Randy


This message is a reply to:
 Message 51 by blitz77, posted 08-04-2002 2:01 AM blitz77 has responded

Replies to this message:
 Message 53 by blitz77, posted 08-05-2002 3:35 AM Randy has responded

    
blitz77
Inactive Member


Message 53 of 103 (14845)
08-05-2002 3:35 AM
Reply to: Message 52 by Randy
08-04-2002 8:40 AM


No-I admit that it that polymerization of the amino acids can occur spontaneously at high temperatures (>500C at 5kbars)-but glycine is the most stable of the amino acids (as it is the simplest). You can't have it both ways-a high temperature + stable amino acids / proteins. That's why John didn't specify that it occurred in the hydrothermal vents-there are other problems there. And how would the amino acids form in the first place without a reducing atmosphere? Without a reducing atmosphere, it is against the law of thermodynamics that amino acids can form spontaneously-only in a reducing atmosphere it can, as only in a reducing atmosphere can the reactions necessary to produce the amino acids be spontaneous (given a spark of energy to get over the activation energy requirement).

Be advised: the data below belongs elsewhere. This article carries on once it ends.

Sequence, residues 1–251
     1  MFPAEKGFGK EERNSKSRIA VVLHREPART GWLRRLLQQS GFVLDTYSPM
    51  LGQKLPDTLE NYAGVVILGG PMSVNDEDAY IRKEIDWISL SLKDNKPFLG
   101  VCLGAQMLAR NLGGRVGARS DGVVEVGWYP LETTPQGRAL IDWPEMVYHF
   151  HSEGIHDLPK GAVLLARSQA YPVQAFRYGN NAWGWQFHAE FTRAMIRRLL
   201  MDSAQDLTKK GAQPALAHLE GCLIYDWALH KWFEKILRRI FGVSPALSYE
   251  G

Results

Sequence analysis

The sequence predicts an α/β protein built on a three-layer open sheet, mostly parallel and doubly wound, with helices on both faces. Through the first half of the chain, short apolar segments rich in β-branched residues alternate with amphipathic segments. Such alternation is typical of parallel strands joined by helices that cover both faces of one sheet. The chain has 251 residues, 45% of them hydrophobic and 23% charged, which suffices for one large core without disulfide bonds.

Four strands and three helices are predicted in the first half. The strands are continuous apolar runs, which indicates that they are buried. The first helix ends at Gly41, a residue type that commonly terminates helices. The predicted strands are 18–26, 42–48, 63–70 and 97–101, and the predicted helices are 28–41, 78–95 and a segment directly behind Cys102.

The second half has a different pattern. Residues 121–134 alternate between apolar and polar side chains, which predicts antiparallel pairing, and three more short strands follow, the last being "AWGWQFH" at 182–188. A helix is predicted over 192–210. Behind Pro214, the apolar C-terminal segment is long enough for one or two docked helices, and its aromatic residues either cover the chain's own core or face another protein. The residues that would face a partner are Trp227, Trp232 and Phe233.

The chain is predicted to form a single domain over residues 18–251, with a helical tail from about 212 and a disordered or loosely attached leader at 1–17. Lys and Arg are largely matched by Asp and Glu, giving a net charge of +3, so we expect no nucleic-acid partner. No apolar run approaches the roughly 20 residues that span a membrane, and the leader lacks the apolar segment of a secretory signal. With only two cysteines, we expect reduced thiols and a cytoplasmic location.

[This message has been edited by blitz77, 08-05-2002]


This message is a reply to:
 Message 52 by Randy, posted 08-04-2002 8:40 AM Randy has responded

Replies to this message:
 Message 54 by Randy, posted 08-05-2002 8:55 AM blitz77 has responded

  
Randy
Member (Idle past 4355 days)
Posts: 420
From: Cincinnati OH USA
Joined: 07-19-2002


Message 54 of 103 (14852)
08-05-2002 8:55 AM
Reply to: Message 53 by blitz77
08-05-2002 3:35 AM


quote:
Originally posted by blitz77: